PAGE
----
“During the Army action on the Golden Temple there were many cases of indiscriminate killing of ordinary people including unarmed women and children. The post mortem reports state that some of those killed had their hands tied behind their backs. The killed included 16 sevadars of Baba Kharak Singh from Gurdwara Dera Baba Sham Singh, located 50 yards from the Golden Temple. Baba Kharak Singh is an old revered Sant and a pacifist. One June 7, those 16 men, including 70yearold Joginder Singh and 18yearold Harde Singh were pulled out from the dera. Their hands were tied behind their backs and they were made to walk through the streets of Aita Mandi Bazar and shot dead at a point opposite the Delhi Cloth Mills shop by India’s Border Security Force personnel. Soldiers belonging to the Bihar Regiment and the BSF also looted the store of the Dera and decamped goods worth Rs 70,000, and half a kilogram of gold. This was reported to us by the Granthi of the Gurdwara. The report of the looting and killing was confirmed by the eyewitnesses.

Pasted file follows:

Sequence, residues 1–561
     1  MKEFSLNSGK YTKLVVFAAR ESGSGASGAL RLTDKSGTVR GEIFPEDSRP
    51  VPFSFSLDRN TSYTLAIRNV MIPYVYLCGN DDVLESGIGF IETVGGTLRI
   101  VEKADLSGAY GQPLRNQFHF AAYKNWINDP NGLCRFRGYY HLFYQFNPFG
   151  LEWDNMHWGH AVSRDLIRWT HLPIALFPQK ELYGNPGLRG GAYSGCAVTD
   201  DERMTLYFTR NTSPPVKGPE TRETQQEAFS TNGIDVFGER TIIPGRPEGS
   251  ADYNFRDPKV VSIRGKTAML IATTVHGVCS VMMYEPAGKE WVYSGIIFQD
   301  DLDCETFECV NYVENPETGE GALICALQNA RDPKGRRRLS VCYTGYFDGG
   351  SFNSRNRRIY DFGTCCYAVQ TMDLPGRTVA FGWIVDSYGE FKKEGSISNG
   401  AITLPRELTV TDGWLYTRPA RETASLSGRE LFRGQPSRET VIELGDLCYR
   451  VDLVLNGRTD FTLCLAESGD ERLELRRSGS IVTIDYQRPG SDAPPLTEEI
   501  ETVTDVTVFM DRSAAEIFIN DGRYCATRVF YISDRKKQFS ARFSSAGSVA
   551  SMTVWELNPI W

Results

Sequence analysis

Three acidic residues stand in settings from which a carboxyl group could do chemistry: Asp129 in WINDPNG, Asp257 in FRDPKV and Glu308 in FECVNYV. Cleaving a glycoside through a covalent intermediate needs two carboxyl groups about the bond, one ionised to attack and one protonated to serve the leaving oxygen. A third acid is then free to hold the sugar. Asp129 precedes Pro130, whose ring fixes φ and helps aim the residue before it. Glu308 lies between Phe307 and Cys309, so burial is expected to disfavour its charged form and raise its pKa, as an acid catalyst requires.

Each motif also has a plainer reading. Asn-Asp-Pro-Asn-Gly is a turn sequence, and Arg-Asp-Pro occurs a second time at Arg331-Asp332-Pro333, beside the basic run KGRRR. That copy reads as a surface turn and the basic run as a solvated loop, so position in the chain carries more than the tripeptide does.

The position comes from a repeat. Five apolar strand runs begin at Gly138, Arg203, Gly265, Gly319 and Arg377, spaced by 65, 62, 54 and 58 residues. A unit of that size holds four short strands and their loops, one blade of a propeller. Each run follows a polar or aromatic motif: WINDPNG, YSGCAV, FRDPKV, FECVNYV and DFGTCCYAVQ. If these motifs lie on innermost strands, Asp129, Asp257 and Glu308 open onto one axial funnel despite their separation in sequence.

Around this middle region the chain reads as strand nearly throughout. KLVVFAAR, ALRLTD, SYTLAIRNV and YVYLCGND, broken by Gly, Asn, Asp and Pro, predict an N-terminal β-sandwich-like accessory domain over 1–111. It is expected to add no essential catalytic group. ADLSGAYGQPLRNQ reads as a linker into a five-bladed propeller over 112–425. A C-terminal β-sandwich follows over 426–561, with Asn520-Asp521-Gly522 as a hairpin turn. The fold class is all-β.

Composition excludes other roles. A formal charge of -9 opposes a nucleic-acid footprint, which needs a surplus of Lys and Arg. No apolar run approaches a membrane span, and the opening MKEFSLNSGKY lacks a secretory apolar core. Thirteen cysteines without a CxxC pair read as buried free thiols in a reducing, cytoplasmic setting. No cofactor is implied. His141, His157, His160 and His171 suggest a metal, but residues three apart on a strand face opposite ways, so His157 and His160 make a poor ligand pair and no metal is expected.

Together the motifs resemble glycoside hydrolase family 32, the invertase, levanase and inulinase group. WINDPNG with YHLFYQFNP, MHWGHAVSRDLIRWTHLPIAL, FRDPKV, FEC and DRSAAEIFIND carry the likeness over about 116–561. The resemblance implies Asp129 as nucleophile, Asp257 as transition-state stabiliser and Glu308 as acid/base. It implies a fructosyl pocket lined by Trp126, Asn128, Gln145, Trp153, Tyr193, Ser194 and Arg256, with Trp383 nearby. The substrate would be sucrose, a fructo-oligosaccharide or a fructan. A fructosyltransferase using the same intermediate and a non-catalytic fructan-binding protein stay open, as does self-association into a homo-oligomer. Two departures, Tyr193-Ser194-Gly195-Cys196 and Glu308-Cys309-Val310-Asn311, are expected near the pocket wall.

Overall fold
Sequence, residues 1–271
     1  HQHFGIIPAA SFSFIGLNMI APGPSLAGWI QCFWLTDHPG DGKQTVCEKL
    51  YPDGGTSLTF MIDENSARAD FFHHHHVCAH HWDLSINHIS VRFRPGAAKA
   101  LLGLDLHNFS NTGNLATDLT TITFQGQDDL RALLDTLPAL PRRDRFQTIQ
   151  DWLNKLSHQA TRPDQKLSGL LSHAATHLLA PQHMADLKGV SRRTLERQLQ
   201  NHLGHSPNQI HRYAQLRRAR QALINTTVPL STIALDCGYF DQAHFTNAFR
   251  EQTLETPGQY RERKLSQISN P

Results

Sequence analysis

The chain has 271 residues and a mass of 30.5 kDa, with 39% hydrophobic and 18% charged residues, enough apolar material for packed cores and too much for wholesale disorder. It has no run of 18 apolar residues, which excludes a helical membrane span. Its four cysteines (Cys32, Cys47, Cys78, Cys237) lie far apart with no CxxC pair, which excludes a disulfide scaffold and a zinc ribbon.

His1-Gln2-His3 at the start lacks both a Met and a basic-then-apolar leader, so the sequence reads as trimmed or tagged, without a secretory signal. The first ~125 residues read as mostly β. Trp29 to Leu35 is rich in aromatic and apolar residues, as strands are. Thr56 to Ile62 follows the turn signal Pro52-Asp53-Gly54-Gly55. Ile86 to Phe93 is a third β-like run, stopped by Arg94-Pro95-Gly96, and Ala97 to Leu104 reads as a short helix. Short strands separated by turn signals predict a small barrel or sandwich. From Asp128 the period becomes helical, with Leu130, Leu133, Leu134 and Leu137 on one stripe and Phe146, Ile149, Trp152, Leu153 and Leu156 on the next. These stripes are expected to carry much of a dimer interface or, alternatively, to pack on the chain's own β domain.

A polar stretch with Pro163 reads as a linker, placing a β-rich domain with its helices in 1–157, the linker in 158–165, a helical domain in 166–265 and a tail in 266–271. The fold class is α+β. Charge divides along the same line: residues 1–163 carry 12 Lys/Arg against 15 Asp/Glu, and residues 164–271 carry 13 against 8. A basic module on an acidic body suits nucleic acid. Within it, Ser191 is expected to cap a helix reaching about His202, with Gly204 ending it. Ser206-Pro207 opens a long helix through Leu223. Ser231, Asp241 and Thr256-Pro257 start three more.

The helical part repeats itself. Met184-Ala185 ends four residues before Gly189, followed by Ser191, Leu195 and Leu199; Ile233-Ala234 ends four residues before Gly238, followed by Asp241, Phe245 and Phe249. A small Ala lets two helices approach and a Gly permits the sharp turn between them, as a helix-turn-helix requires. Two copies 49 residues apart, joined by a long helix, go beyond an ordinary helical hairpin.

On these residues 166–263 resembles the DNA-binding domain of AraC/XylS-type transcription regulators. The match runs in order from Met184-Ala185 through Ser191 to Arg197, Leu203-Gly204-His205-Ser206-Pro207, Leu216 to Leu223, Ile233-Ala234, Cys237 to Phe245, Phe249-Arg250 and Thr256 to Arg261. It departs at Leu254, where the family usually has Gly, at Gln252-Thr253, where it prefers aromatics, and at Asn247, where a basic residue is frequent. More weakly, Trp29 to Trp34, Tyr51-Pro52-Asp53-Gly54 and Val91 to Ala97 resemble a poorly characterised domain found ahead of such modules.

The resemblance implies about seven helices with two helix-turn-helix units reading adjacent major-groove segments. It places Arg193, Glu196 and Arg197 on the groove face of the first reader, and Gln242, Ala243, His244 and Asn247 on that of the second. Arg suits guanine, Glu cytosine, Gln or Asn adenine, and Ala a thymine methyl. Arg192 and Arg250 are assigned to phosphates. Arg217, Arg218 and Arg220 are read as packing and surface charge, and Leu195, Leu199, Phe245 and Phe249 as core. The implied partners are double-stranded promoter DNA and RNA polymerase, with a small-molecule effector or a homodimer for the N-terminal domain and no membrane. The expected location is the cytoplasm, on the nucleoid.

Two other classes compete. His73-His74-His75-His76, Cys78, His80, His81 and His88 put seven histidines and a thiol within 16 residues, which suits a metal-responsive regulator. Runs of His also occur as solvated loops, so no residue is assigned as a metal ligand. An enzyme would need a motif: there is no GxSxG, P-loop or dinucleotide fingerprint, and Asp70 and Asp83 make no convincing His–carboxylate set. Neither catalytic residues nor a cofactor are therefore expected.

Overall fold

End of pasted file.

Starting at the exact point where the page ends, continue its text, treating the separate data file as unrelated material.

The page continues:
“The Sikh reference library was burnt on the 9th of June, one day after the visit of the President of India. This is hard to explain since there was no civilian in the Golden Temple at that time. “The Rajdhani Express, India’s premier train… on the outskirts of New Delhi the train stopped (unscheduled halt), and about a hundred people, pounding windows with iron rods and stones… wielding sticks came in to compartment and shouted ‘come out, all Sikhs in here” . . . there was no response . . . “Here! Here! Come here! We have got one of these fellows”. . . one of the marauding youths was pulling a Sikh man by his long hair, three other attackers followed, hitting the Sikh with rods . . . they hauled the beaten, deeply wounded man outside . . . a few moments later an acrid smell floated into the car through the broken windows. The crowd parted and we saw flames leap up from the body of the Sikh . . . we could only watch from the window.”

The Tribune, Oakland, November 3, 1984

Article extracted from this publication >>  October 25, 1985